Following is the complete list of NSIS Media’s new version DLL files along with their MD5 sum, for your malware removal needs. They are also available for download, but be careful with those.

04022272675cc56f1e68faa3fa2558b8 avtmskii.dll
0ff0930bb2ff743b212210471c725bc8 odbvgie.dll
15e63b822a0efede397ba9e7c8dbd02f usrwsh.dll
179164804cee71d62cd0f60d8f31735b kbdtdu2.dll
21e5ab0214714983584031e78c763aae wkcajax.dll
2c7b28b24cf717d8204b89a51a43c52d ftsash.dll
2dd9d642eb71eb541f51950c6ae0e5f5 nvritf.dll
2de5a9a086d0878abbd5259fe4f31787 rsvuaac.dll
2e3a6d1f71317faa094f2e7b427bb202 coltea.dll
2e7024c9f3dc91862e1b719d74e9f78f wshpwd32.dll
362b234f82ab4847ea14fcfe0bc07b33 nmmvti.dll
4322dbd9a120b0b6531a6d2c25bcbed3 mtxme2k.dll
5007f06b93defe72ff41c035cbaadc4a kbdrpo.dll
523a7424f94db5be34b33aecd2db32c5 nvredd.dll
59ecae29bdcccae85e8aff5718e55f2f dmubsi.dll
5aa56093a1e568c11a38264be0f4db7a wmiv3p.dll
5b850d909455d3062422f199c44445f2 mspksp2.dll
5fcbef5a137ee8ce3f5f615cb2e2d743 msjmme.dll
661f98df2ed0d7ba9997322248f01f46 ir4axb.dll
854b515f539f125fe4c9f4cdb01277f0 usrflx32.dll
8b4169f654be67be6f874a721c3919da avwmdm.dll
a27e788246ebb3fb59173594d314fd33 dsaoms.dll
a59bc64fb9f97934d20bccdbf346bce4 mswbst.dll
a8a1bb4bf6a67df2a2a24791b0605703 dspvfx.dll
a94db9a1ed0cfe9d807bec7407bef85a cfgsle.dll
aecc2a0fc2e9efa22f979f93ad3b5820 ieaean.dll
b1bbd68d3472ae8bb242f7fa6de00f76 ncxpri.dll
bd9cd45321c46cb7565553a1869ba19a wpdccmo.dll
c2e811707d1898d00a897802bea144ee atmkmsa.dll
c57b55771515280a8e93fabfea00928d adsusv32.dll
cac34a21c3957f118cff2fc4f43b555d lochsh32.dll
da4987053dc52f7ee9b1e70c62f7daa0 actsdr.dll
db69afb5e34af7aba15c2984bd582a31 mfctsa.dll
dd6ec5013c437ac0e86d17ab66e37854 audes2e.dll
e4b4747e461d39695722d07154dbdbb2 swpxa52u.dll
f3ee10c331a81188385e47e851ae3079 minsv32.dll

So what have we learned today?

  1. NSIS Media and Opensoft are pure evil.
  2. Cydoor might still be up to no good.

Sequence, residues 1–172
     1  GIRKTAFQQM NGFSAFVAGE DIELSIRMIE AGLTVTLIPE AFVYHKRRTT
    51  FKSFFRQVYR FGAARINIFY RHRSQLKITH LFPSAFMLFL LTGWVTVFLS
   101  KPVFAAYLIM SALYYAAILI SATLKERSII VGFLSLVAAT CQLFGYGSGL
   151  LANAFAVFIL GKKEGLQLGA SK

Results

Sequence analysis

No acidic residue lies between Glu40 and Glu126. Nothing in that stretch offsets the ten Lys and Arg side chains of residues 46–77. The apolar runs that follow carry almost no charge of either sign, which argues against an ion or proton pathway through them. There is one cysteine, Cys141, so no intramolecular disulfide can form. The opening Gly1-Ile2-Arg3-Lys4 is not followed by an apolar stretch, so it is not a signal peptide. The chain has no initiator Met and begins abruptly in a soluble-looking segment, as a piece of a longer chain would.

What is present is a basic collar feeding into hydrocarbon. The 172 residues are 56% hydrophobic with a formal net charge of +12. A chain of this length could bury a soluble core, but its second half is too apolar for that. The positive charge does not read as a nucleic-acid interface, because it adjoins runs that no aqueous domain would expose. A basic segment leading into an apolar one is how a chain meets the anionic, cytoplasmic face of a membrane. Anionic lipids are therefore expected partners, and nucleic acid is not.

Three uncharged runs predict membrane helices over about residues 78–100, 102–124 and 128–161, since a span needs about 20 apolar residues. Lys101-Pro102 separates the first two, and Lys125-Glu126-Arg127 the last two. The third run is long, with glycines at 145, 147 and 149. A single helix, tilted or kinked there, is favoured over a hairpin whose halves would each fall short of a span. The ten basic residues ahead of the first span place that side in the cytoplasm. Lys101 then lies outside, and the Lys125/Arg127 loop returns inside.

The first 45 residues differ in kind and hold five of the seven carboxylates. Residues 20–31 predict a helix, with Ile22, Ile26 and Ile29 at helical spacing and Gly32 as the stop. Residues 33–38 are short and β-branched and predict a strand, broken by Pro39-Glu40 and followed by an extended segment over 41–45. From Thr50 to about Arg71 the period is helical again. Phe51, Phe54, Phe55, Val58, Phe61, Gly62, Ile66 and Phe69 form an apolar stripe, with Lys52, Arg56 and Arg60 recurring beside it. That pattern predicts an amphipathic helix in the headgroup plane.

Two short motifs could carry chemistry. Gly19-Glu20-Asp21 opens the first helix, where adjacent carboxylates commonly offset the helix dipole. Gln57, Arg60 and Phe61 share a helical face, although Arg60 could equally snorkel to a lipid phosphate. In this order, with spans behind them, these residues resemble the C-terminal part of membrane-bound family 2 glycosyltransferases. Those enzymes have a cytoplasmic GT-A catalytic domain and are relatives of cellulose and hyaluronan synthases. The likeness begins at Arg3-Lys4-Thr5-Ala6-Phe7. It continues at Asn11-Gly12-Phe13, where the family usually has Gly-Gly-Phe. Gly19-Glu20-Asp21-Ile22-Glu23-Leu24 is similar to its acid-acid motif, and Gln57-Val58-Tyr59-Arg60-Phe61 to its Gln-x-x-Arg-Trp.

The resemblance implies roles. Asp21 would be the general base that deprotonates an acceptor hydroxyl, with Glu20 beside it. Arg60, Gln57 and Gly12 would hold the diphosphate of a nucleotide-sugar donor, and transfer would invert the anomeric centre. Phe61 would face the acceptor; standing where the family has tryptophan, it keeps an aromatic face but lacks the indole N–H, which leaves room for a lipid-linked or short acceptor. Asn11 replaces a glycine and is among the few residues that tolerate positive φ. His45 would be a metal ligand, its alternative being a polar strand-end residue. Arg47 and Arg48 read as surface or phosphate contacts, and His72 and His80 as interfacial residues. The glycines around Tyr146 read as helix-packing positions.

3. kichik still doesn’t make 1000$ a day 😦

5 thoughts on “Mr. Angry Pants

  1. Ha Ha.
    You think people don’t want advertisement on their computer?! of course they do people need useless information any where they can get it!

    If you had no useless information to get rid of
    than you couldn’t decide what is useful.


    Did you have to remove everything NSIS Media installed manually or do anti malware program’s pick it up automatically?

  2. I had to remove it manually. It wasn’t too hard due my prior research and all of the online reports. Anti-malware programs are slowly picking up more and more parts of it, but when I had to remove it, those I use picked up nothing.

  3. […] December 9th, 2006 by kichik I just found another list of DLL files used by NSIS Media. The script used in their updated installers first removes the old DLL files. It renames them to temporary names and deletes all of their registry keys. Along with the previous list, I believe this makes a complete list of all DLL files used by NSIS Media. bsdeff32.dll java52e.dll krnsvr32.dll mkdesk32.dll mkdesk32.dll mscron32.dll msidext.dll msrvdrv.dll msscsi.dll mssvide.dll msxmlu.dll mtxcdru.dll netstrap42.dll nvrssid.dll odbcpc32.dll oleac32.dll olescope.dll uuiedes.dll windexserv.dll winsdev.dll winsdrv.dll wmbmd.dll wmddsb.dll wmdmb32.dll wmidext.dll wmproxt.dll wmsql32.dll wmudrv.dll ~fdgar.tmp ~fdgdr.tmp ~fdger.tmp ~fdgfr.tmp ~fdgir.tmp ~fdgor.tmp ~fdgpr.tmp ~fdgqr.tmp ~fdgrr.tmp ~fdgsr.tmp ~fdgtr.tmp ~fdgur.tmp ~fdgwr.tmp ~fdgyr.tmp ~isdat.tmp ~isddt.tmp ~isdet.tmp ~isdft.tmp ~isdit.tmp ~isdot.tmp ~isdpt.tmp ~isdqt.tmp ~isdrt.tmp ~isdst.tmp ~isdtt.tmp ~isdut.tmp ~isdwt.tmp ~isdyt.tmp […]

  4. By deleting all the files and registry entires. But that’s done automatically by my NSIS Media Remover. See the Downloads page.